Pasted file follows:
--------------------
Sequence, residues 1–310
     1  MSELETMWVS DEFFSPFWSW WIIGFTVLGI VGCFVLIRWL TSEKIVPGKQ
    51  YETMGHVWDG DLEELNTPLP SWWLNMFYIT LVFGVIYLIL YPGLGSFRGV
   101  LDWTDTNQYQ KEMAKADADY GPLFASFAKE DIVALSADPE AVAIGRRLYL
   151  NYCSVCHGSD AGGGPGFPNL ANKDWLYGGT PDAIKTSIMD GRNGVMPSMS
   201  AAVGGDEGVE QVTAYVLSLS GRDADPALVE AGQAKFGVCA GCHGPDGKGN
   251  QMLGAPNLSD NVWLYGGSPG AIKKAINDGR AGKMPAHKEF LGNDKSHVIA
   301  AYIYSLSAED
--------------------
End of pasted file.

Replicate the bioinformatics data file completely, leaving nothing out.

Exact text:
Sequence, residues 1–310
     1  MSELETMWVS DEFFSPFWSW WIIGFTVLGI VGCFVLIRWL TSEKIVPGKQ
    51  YETMGHVWDG DLEELNTPLP SWWLNMFYIT LVFGVIYLIL YPGLGSFRGV
   101  LDWTDTNQYQ KEMAKADADY GPLFASFAKE DIVALSADPE AVAIGRRLYL
   151  NYCSVCHGSD AGGGPGFPNL ANKDWLYGGT PDAIKTSIMD GRNGVMPSMS
   201  AAVGGDEGVE QVTAYVLSLS GRDADPALVE AGQAKFGVCA GCHGPDGKGN
   251  QMLGAPNLSD NVWLYGGSPG AIKKAINDGR AGKMPAHKEF LGNDKSHVIA
   301  AYIYSLSAED